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Ridding tree roots from sewer lines

By Forrest M. Holly / July 3, 1980



Q. Is there a chemical that will kill tree roots which clog up sewer lines by growing into the inside at the joints? ARthur L. Royster Minneapolis

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A. If the sewer line belongs to a district, then the sewer district should maintain the lines free of roots. Give it a call to deroot the pipes.

If the sewer line is private as opposed to public, you may need to have a professional, such as Rotorooter, cut the roots out with a machine.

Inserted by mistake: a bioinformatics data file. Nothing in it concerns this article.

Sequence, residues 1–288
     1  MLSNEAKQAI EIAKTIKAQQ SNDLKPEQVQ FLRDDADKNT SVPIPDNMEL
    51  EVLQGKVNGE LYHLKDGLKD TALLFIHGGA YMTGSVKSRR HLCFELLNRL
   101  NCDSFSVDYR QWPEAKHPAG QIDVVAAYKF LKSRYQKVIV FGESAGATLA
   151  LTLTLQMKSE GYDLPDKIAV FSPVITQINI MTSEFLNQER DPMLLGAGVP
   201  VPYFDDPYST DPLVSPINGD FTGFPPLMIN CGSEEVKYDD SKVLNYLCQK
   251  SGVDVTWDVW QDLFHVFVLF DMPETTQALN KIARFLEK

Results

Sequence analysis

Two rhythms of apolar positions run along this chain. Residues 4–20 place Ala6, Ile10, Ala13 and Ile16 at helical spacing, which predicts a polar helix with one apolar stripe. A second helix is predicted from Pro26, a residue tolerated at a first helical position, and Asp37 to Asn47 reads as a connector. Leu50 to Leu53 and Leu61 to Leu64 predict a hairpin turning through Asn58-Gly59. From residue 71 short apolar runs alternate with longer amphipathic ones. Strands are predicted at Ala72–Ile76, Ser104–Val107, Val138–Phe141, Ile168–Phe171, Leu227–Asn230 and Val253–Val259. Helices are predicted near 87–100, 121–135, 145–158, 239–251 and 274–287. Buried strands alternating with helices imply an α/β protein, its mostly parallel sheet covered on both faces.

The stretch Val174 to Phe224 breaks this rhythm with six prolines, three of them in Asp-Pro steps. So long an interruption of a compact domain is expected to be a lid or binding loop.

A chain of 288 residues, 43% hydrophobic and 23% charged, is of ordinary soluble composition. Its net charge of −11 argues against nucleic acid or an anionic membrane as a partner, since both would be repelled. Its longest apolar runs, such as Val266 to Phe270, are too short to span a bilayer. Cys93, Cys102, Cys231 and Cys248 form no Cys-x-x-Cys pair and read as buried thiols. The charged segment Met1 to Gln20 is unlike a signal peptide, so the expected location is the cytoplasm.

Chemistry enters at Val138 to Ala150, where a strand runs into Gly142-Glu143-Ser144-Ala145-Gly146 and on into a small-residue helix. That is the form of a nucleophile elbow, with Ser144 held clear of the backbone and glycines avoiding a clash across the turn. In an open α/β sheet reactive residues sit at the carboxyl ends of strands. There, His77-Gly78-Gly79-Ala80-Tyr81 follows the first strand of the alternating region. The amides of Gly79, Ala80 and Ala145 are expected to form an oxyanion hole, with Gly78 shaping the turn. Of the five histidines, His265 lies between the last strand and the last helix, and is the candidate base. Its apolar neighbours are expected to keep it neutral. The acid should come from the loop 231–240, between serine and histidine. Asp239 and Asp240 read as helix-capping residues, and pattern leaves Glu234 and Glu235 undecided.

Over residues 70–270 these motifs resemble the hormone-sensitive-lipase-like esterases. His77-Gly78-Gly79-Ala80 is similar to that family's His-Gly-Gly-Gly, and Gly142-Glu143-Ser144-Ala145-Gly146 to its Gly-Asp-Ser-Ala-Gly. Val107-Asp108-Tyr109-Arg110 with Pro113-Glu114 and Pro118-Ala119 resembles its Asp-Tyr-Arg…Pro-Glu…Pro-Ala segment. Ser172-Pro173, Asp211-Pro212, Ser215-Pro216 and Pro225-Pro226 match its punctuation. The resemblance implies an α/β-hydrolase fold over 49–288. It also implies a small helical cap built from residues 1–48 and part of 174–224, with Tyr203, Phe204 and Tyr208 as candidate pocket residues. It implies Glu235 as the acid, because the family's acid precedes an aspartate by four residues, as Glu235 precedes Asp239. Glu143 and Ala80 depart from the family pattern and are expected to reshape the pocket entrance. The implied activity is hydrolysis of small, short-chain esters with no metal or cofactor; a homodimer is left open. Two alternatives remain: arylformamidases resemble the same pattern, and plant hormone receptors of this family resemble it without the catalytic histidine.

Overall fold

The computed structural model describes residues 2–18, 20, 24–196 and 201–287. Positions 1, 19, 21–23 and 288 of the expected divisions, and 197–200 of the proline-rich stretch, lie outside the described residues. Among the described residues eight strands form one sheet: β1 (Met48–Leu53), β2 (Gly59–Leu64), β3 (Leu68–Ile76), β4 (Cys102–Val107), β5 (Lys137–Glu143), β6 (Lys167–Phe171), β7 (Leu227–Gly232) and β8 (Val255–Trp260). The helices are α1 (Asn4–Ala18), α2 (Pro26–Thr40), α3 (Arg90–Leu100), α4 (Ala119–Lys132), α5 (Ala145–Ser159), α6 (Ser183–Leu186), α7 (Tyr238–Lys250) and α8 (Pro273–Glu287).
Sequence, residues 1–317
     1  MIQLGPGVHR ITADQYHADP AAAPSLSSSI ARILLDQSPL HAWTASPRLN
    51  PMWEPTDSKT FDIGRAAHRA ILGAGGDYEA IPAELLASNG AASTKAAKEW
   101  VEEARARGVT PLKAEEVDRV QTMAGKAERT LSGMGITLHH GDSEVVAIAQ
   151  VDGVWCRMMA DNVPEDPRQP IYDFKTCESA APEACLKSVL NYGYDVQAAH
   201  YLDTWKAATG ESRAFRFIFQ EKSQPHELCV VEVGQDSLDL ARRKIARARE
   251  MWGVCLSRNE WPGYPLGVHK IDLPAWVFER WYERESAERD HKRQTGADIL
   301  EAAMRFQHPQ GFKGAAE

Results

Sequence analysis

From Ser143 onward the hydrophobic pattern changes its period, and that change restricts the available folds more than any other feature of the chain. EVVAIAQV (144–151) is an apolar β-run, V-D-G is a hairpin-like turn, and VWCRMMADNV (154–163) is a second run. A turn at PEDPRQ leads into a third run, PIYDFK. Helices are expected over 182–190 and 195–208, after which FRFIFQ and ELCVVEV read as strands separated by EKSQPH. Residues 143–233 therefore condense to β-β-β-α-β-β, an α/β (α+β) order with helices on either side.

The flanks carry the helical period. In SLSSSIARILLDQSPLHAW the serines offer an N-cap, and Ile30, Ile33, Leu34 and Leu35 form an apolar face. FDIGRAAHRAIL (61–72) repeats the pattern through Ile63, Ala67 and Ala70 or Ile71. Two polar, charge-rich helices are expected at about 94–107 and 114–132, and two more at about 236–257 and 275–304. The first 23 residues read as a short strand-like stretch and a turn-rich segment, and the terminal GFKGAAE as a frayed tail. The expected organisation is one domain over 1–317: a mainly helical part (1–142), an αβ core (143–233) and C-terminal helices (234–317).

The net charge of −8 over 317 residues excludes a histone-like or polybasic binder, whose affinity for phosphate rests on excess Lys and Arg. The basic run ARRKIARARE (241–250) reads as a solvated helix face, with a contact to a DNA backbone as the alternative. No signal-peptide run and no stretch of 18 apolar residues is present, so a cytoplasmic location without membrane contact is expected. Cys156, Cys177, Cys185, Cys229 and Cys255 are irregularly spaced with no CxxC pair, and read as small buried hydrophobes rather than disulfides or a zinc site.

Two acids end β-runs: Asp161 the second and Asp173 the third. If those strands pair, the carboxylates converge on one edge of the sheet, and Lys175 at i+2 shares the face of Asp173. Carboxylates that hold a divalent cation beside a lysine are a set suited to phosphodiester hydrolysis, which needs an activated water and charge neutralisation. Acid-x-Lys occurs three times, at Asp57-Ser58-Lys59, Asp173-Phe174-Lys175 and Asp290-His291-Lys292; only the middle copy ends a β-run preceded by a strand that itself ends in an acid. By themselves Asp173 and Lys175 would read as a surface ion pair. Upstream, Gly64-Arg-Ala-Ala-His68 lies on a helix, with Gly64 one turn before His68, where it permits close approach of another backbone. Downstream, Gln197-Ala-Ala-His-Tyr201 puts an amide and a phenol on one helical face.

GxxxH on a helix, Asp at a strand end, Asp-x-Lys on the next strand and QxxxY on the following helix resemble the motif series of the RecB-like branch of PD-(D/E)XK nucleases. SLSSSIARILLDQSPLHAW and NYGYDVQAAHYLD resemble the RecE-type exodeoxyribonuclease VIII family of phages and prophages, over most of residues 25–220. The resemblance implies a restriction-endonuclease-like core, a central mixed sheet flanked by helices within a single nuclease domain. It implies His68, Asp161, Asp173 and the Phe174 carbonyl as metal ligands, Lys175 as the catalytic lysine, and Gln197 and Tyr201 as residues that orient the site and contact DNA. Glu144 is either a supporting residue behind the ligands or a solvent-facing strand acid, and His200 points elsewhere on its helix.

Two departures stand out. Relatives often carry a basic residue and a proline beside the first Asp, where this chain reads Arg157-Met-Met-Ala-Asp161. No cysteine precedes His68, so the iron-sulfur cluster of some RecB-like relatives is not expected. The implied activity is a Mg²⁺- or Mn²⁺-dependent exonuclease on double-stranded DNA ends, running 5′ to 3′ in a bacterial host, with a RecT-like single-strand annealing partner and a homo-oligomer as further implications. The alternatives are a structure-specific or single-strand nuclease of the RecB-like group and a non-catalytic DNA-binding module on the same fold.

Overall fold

To use a chemical to kill the roots in a public sewer line is a no-no. The poison used may also kill the trees or at least have a deleterious effect on the treatment-plant process.

Now, if the roots are plugging a septic-tank effluent line, introduce some copper sulphate into the switch box beyond the septic tank itself. Do not put the chemical directly into the septic tank or upstream from it since it could harm the bacterial action which decomposes the sewage.

The switch box is found between the tank outlet and the drain line. This is where the chemical should be used. Consult a local septic-tank contractor for the quantity and frequency of usage.

Drawing on memory, I recall someone once recommending that copper wire, placed in the septic tank drain line when it is first installed, is a root deterrent.

Can you confirm that fact?